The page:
For better or worse, I tend to be more interested in their "hearts" than in their "heads." I do want them to learn, especially to use the Bible and the Catechism as textbooks. I do want them to think and talk together and with their parents and guides. I keep track of their "Home Bible Studies" and "Worship Note" participation. I let their parents know regularly how they are doing and invite them to set the standards for their own kids.

For better or for worse, I have a really hard time being the "enforcer" in kids lives (other than my own kids!). I believe I should be their pastor first and their teacher second. First and foremost, I think I need to be someone they want to learn from if they are going to want to learn.

I'm still learning, and I appreciate the work the YDT focus group is doing. A couple of pieces that would be helpful to look at if you're interested are "Our Calling in Education" from the ELCA and the article "The Catechism in Christian Education" (pdf) from Luther Seminary's "Word and World" periodical. (Click the colored words for the links). Please take some time to learn from these documents and your own experiences, and then share your comments or come to the next meeting--time and day still to be determined--let Nate or me know you're interested and we'll let you know when it will be.

Please let me know what you think. I know I'm far, far from an expert, and some weeks I just don't do a good job, even though I give it my all.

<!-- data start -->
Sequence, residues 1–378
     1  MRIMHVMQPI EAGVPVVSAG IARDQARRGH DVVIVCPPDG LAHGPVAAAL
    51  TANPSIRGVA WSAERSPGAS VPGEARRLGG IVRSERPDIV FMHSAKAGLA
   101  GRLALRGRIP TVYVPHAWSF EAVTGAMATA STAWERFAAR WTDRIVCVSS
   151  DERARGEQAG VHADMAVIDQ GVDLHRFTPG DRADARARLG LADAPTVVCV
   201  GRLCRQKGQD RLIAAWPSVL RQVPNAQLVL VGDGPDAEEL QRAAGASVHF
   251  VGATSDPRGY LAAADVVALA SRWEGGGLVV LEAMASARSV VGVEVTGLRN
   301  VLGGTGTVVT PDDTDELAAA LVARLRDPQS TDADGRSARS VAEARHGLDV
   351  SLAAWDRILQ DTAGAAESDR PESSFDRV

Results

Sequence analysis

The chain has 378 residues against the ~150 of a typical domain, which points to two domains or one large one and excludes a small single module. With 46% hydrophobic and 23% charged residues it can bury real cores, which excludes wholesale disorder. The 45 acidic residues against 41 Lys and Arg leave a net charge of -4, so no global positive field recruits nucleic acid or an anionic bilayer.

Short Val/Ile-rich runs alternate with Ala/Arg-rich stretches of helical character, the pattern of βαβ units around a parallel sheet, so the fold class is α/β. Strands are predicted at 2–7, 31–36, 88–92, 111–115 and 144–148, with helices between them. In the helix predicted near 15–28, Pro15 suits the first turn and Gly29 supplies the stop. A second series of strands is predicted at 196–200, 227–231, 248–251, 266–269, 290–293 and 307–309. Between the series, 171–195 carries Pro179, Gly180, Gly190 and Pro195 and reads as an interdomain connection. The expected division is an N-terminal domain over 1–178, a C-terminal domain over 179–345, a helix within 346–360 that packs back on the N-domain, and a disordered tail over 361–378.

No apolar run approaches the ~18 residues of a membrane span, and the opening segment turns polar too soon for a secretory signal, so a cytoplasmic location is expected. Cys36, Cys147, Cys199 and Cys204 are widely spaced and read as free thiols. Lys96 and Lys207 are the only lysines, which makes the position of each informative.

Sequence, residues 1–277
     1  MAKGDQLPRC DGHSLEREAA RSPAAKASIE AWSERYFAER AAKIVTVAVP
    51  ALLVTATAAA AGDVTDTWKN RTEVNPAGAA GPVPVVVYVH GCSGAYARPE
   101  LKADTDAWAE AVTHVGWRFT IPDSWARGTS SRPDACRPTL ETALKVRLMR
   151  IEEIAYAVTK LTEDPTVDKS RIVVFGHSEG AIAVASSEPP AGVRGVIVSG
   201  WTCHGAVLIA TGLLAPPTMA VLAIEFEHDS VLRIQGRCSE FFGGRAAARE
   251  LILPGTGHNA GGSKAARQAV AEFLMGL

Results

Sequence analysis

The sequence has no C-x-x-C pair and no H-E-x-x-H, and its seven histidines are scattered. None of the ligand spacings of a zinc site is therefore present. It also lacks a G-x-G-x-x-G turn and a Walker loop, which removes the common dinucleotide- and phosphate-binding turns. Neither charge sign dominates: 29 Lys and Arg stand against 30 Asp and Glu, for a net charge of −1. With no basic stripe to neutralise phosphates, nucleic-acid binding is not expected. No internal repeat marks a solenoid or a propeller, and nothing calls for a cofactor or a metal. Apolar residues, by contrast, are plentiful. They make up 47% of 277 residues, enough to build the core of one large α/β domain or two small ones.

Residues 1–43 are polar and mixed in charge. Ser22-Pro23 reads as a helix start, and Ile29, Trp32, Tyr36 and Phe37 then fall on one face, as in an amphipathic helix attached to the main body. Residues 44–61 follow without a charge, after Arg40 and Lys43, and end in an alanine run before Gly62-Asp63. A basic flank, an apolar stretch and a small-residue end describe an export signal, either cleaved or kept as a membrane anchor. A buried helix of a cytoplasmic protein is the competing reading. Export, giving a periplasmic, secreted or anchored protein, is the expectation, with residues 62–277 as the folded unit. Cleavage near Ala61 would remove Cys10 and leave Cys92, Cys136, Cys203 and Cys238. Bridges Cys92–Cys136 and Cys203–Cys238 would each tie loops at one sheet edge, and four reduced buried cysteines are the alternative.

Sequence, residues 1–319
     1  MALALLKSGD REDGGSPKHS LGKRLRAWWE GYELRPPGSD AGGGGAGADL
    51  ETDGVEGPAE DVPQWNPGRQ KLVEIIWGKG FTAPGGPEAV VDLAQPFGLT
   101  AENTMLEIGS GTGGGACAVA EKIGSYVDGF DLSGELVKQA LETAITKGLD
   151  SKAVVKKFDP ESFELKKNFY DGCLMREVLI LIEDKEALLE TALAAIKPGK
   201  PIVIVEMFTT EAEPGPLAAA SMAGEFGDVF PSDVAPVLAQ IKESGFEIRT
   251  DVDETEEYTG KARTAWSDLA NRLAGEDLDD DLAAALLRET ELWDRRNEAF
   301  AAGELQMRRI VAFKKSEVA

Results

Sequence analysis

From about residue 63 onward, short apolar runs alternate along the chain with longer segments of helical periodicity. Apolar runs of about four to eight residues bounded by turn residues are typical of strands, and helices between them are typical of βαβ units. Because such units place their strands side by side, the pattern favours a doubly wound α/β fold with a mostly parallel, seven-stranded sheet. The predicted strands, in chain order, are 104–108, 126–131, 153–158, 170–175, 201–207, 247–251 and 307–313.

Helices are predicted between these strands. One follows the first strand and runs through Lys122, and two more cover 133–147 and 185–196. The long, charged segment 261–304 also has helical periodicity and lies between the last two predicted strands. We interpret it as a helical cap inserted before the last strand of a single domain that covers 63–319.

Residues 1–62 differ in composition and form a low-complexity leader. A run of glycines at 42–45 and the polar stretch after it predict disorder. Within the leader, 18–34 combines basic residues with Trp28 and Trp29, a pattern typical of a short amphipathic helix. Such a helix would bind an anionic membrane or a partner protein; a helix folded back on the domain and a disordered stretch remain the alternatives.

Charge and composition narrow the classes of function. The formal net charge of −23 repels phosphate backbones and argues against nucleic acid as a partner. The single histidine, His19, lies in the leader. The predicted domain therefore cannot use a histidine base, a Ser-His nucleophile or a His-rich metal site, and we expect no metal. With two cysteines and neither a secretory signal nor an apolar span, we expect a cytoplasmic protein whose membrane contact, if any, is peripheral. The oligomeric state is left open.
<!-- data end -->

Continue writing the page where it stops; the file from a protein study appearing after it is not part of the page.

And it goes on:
Time for men's Bible study... I may as well go... I'm already awake and here at church.

*YDT means "Youth Discipleship Training" - please use the link near the top right of this blog page to learn more--click on "Youth YDT."

1 comment:

  1. What does it mean to be confirmed? I suspect if you poled a random group from ELC you would find several different answers, with a common theme, to affirm that one believes in the baptism, and perhaps in greater sense, the teachings and beliefs of the Lutheran Church.

    While we were discussing confirmation I was reflecting on my own confirmation a few years back. I went to confirmation classes because my parents told me to. I knew that I would go through confirmation because my parents expected me to (and would be greatly disappointed if I didn't.) However, as I went though the process, I realized that this is what I truly believe.

    Our ELC youth will come to confirmation for a variety of reasons. Each person that comes through the program will have a unique family situation, a unique view of life, and a unique relationship with our Lord Jesus. Our job ("our" means every adult member of ELC) is to find these young people where they are, nurture them, teach them, and help them establish their own relationship with Christ.

    If we have to have a passing grade to have a relationship with God we will all fail. That's the great thing about grace. You and I don't deserve it. But it's there anyway. Freely given out of Jesus' desire for that relationship.

    The same is true for our confirmands. Each one has their own walk with God. There needs to be a lesson plan. There are certain things we want them exposed to, and this is good. And let's remember that each one has their own walk.

    By the way, we have some truly remarkable young people in our church. They will be taking leadership roles in our church in the next few years and we will be fine.

    Tim Robbins